To sum it up, if your vehicle says “Premium Fuel Required”, you really do need premium gas for your vehicle to run properly. If your vehicle doesn’t require premium, expect that your vehicle will run well on regular gas.

Most commonly, you’ll find that German-engineered vehicles, luxury cars, high-performance sports cars, and exotic cars require premium gasoline.

The statements expressed above are only for informational purposes and should be independently verified. Please see our terms of service for more details
Icon-warranty_badge-02

Skip the repair shop, our top-rated mechanics come to you.

At your home or office

Choose from 600+ repair, maintenance & diagnostic services. Our top-rated mechanics bring all parts & tools to your location.

Fair & transparent pricing

See labor & parts costs upfront, so you can book with confidence.

12-month, 12,000-mile warranty

Our services are backed by a 12-month, 12,000-mile warranty for your peace of mind.

Get A Quote

Need Help With Your Car?

Our certified mobile mechanics make house calls in over 2,000 U.S. cities. Fast, free online quotes for your car repair.

GET A QUOTE

More related articles

How to Buy Fuel Treatments
Adding a fuel additive to your gas tank when you fill up is one way to clean vital engine parts of deposits, improve the performance of your engine,...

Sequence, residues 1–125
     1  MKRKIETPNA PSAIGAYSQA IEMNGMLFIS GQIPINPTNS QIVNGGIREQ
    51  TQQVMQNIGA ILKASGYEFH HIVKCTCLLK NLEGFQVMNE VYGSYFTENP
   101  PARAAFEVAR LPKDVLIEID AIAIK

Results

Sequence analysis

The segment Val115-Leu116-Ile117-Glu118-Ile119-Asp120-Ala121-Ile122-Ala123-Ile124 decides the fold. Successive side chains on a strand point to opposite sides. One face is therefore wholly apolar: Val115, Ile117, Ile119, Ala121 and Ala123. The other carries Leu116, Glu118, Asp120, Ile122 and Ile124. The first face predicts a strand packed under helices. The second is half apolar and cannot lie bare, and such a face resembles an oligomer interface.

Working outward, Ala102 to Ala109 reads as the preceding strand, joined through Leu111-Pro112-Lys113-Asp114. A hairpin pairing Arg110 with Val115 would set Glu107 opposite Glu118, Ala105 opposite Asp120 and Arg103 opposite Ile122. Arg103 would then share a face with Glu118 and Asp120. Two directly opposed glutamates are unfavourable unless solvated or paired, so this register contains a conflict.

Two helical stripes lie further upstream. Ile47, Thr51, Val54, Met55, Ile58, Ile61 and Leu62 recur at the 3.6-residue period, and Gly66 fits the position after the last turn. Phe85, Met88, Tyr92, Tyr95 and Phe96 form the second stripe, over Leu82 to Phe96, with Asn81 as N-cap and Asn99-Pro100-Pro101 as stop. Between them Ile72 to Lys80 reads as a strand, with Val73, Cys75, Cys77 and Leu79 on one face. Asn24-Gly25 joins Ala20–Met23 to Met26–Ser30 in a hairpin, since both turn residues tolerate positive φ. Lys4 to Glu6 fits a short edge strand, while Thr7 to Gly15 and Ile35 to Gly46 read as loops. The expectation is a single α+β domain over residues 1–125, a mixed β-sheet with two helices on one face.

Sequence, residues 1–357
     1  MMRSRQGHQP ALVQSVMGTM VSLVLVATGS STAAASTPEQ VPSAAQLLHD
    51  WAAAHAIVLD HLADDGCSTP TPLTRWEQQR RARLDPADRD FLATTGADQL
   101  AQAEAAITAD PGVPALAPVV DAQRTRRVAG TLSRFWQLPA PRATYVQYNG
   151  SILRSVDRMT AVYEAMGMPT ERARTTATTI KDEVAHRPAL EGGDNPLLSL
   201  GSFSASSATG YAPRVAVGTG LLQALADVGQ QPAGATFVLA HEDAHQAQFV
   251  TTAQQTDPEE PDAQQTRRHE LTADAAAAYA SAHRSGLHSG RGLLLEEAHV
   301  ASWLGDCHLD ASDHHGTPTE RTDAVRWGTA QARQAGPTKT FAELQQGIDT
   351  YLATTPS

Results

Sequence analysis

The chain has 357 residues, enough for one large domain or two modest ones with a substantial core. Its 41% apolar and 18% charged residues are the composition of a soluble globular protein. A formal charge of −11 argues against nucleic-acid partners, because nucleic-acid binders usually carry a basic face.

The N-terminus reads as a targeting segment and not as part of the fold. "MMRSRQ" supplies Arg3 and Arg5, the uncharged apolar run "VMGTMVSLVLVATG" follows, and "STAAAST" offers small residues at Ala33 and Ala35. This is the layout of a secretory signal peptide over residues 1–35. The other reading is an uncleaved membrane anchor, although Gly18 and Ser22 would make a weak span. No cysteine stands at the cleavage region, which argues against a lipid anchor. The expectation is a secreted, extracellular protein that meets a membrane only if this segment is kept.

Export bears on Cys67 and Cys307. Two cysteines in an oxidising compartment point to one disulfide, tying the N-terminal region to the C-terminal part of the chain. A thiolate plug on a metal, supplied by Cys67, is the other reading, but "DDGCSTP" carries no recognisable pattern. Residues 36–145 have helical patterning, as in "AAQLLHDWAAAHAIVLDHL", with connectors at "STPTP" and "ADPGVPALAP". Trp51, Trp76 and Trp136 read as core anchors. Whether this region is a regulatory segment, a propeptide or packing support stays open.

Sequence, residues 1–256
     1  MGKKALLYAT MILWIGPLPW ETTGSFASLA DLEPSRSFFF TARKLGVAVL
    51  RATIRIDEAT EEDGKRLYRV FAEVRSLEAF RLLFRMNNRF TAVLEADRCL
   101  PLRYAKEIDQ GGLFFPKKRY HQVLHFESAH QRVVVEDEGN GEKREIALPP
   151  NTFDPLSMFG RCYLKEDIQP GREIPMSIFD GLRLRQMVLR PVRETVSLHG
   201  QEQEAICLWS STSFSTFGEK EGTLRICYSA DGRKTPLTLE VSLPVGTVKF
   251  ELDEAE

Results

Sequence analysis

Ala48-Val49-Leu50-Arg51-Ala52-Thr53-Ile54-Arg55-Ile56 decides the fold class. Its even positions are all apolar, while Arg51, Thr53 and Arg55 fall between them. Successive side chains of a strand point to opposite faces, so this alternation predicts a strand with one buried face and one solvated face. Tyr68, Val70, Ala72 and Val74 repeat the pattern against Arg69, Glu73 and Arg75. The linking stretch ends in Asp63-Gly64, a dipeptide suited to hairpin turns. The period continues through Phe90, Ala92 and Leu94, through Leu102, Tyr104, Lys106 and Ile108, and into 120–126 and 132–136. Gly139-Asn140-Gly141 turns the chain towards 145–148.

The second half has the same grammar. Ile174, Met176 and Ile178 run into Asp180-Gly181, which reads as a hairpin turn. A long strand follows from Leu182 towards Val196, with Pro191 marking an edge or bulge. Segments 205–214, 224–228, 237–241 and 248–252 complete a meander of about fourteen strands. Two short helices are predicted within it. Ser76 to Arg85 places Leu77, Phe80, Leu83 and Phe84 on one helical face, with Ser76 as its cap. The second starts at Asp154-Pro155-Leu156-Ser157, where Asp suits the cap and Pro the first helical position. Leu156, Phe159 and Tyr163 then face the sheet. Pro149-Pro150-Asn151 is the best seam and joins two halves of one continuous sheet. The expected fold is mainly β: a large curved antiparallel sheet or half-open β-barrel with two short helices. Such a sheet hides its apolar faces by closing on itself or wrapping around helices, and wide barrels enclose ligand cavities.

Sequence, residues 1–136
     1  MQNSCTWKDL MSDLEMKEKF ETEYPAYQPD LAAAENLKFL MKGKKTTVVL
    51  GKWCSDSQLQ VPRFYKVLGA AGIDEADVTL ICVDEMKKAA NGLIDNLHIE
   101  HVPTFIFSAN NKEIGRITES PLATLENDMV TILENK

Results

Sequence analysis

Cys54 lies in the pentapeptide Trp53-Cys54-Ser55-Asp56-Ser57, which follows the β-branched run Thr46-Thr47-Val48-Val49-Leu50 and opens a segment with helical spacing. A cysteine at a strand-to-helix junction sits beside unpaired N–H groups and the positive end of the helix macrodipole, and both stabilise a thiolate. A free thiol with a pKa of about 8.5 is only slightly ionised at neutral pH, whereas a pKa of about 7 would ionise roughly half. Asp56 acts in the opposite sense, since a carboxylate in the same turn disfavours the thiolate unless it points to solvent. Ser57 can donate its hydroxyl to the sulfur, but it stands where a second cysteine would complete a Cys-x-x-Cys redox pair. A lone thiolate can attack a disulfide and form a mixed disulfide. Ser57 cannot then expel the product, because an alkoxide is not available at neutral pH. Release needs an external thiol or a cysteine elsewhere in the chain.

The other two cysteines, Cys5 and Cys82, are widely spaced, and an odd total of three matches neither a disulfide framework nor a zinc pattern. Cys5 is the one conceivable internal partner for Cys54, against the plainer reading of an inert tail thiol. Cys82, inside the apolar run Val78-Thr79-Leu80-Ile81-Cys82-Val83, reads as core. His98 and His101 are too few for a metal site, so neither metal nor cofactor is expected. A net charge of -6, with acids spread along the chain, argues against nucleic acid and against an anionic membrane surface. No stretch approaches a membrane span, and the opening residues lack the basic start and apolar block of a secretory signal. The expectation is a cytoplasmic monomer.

Insurance Requirements for Car Registration in Kentucky
The Kentucky Transportation Cabinet requires that all drivers in Kentucky carry liability automotive insurance, or “financial responsibility” in order to operate a vehicle legally and maintain vehicle...
Rules of the Road For Iowa Drivers
Driving on the roads requires knowledge of the rules, many of which are based on common sense and courtesy. However, even though you know the rules in...


Related questions

Q: Car stalling; gas smell

Hello. If you smell gas and it is stalling then you either have an internal or external fuel leak. If there is not any fuel hitting the ground and the smell is coming from the exhaust, then you either have...

Q: drilled hole in fuel breather

Hey there, thanks for writing in about your 2001 Ford Escape. Your fuel tank vapors are escaping and tank fuel will evaporate faster and the engine will not be able to use the vapor during cruise conditions. This may lead...

Q: Old BMW's fuel pump powered with 12 volts is clogged

Unfortunately, there isn't. Those things are electronic and if the brushes finally wear out, it's time for a new pump. The way you test it is--you get the inlet to the pump and put a little hose on it and...